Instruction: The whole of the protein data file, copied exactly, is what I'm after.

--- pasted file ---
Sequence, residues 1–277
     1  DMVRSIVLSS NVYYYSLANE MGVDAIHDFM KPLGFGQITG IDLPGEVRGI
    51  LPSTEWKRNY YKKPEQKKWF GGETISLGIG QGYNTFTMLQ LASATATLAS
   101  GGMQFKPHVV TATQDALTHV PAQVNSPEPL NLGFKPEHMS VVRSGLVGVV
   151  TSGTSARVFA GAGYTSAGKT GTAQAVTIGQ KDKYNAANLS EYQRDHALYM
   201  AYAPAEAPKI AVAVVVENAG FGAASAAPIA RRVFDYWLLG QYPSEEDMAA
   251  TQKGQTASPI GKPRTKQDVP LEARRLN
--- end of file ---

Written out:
Sequence, residues 1–277
     1  DMVRSIVLSS NVYYYSLANE MGVDAIHDFM KPLGFGQITG IDLPGEVRGI
    51  LPSTEWKRNY YKKPEQKKWF GGETISLGIG QGYNTFTMLQ LASATATLAS
   101  GGMQFKPHVV TATQDALTHV PAQVNSPEPL NLGFKPEHMS VVRSGLVGVV
   151  TSGTSARVFA GAGYTSAGKT GTAQAVTIGQ KDKYNAANLS EYQRDHALYM
   201  AYAPAEAPKI AVAVVVENAG FGAASAAPIA RRVFDYWLLG QYPSEEDMAA
   251  TQKGQTASPI GKPRTKQDVP LEARRLN